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Saudi Arabia in battle against MERS in the run-up to Hajj

Saudi Arabia is preparing preventive health measures to reduce the spread of Middle East Respiratory Syndrome before Hajj next month
Pilgrims undergo health checks at a Hajj Camp at the airport in Lagos on Friday (AFP)

While West Africa is struggling to contain the Ebola virus outbreak, in Saudi Arabia the health authorities are preparing to prevent the spread of another deadly virus.

With up to 2 million people from 188 countries expected to visit the Kingdom next month for the annual Hajj pilgrimage, health workers are being mobilised to prevent the spread of Middle East Respiratory Syndrome coronavirus, known as MERS.

“The World Health Organization and the Kingdom of Saudi Arabia are working closely to ensure that effective measures are in place before the Hajj pilgrimage, from awareness raising to surveillance, and to put in place mitigating measures including a strong surveillance system to prevent any outbreaks of diseases,” Rana Sidani, a spokeswoman for the UN’s health agency, known by the acronym WHO.

MERS is a viral respiratory illness, the symptoms of which include a fever, cough or shortness of breath. It can cause pneumonia and kidney failure.

As of this week, 302 people have died from MERS out of 732 cases, a fatality rate of more than 40 percent, according to the Center for Infectious Disease Research and Policy at the University of Minnesota.

The vast majority of cases have been reported in Saudi Arabia and other countries in the Arabian Peninsula, with a smaller number around the world thought to have been spread by visitors to the region.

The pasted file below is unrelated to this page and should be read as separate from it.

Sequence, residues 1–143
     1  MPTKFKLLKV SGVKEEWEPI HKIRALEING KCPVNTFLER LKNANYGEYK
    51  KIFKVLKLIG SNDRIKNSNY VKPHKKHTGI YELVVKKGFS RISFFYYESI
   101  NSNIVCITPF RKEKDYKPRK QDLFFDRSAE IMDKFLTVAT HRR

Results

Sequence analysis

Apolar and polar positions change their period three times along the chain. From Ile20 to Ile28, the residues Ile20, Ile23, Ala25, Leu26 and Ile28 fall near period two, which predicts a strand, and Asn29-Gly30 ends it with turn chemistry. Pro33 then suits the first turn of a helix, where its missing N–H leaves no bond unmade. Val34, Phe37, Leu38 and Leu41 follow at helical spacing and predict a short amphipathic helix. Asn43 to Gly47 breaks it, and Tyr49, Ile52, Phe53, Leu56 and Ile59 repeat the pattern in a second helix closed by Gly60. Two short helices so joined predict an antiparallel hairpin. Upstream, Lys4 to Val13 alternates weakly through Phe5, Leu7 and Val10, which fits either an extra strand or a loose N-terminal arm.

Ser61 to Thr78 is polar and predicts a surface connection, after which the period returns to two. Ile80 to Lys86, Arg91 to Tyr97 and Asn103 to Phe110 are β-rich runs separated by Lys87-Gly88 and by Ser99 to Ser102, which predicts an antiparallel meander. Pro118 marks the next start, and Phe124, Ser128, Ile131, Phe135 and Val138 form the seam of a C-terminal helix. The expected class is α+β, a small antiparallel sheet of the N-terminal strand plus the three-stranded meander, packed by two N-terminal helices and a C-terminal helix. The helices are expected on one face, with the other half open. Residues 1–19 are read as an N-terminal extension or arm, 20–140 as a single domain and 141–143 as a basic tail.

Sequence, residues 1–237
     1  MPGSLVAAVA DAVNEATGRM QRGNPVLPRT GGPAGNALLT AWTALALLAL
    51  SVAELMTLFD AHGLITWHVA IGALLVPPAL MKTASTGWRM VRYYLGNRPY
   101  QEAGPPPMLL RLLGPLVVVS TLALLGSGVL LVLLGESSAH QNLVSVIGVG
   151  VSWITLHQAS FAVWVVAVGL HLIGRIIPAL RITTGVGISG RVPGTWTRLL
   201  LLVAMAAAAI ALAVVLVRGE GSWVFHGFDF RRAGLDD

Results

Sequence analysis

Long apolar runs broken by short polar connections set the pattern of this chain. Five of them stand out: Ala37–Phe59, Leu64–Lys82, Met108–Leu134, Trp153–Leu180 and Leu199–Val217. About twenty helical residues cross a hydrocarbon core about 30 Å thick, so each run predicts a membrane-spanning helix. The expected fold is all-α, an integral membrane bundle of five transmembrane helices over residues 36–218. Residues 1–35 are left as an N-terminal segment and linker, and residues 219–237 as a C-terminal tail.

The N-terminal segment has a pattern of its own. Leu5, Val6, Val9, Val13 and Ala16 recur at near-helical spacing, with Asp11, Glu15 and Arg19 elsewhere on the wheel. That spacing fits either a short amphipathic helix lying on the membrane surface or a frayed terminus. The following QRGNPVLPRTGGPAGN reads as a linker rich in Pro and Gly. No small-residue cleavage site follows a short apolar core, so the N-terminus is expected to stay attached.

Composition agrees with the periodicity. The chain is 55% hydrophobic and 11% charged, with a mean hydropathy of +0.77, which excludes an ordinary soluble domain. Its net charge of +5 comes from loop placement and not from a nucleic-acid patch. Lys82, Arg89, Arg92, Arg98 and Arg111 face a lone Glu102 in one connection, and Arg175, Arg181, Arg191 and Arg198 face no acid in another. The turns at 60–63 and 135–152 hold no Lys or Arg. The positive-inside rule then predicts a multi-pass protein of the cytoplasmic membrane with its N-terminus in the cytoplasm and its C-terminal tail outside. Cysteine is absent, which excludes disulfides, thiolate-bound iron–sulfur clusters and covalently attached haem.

Saudi Arabia's Ministry of Health has confirmed six new cases since 8 September.

The exact source of the virus is unknown but the US Center for Disease Control and Prevention (CDC) said it most likely comes from animals, particularly camels.

The virus, first reported in 2012, has been found in camels in Saudi Arabia, Oman, Qatar and Egypt. According to the CDC, people may have been infected after contact with camels although more information is needed to be certain of the animals’ role in transmitting MERS.

Like other infectious diseases, MERS spreads quickly in crowded spaces, posing a particular risk during the Hajj. Saudi Arabia is now taking precautionary measures to prevent an outbreak during the pilgrimage.

Visitors are being advised to wash their hands regularly and cover their mouths and noses when coughing or sneezing, the UN spokesperson told Anadolu Agency.

They are also being warned to avoid undercooked meat and food prepared in unsanitary conditions and to wash fruit and vegetables thoroughly.

The WHO has prepared posters giving precautionary information on MERS that will be displayed prominently for Hajj pilgrims.

"Effective vaccines or drugs against MERS are currently not available and are still under the early phase of the development," Dr Chien-Te Tseng, associate professor of microbiology & immunology at the University of Texas said.

Although medical care can provide relief from the symptoms, there is no cure. The virus is considered a “public health concern” by the WHO but the threat has not been upgraded because of the relative lack of sustained transmission from person to person and the restriction of such cases to hospitals, where poor prevention methods are being addressed.